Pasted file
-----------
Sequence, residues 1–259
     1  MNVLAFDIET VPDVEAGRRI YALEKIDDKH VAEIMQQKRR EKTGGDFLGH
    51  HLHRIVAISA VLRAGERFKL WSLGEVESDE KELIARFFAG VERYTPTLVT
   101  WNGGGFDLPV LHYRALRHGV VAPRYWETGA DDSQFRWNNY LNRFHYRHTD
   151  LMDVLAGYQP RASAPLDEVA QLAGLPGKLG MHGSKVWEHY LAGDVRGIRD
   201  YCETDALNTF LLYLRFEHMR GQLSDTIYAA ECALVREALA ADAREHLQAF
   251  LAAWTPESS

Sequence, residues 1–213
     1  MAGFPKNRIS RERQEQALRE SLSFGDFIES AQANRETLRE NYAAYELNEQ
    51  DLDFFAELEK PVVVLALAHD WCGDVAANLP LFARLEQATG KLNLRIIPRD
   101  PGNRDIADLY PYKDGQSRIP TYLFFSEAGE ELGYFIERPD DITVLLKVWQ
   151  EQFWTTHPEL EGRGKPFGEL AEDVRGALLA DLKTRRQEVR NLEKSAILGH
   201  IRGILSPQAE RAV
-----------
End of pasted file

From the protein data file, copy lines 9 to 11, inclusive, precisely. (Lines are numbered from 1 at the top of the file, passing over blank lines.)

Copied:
     1  MAGFPKNRIS RERQEQALRE SLSFGDFIES AQANRETLRE NYAAYELNEQ
    51  DLDFFAELEK PVVVLALAHD WCGDVAANLP LFARLEQATG KLNLRIIPRD
   101  PGNRDIADLY PYKDGQSRIP TYLFFSEAGE ELGYFIERPD DITVLLKVWQ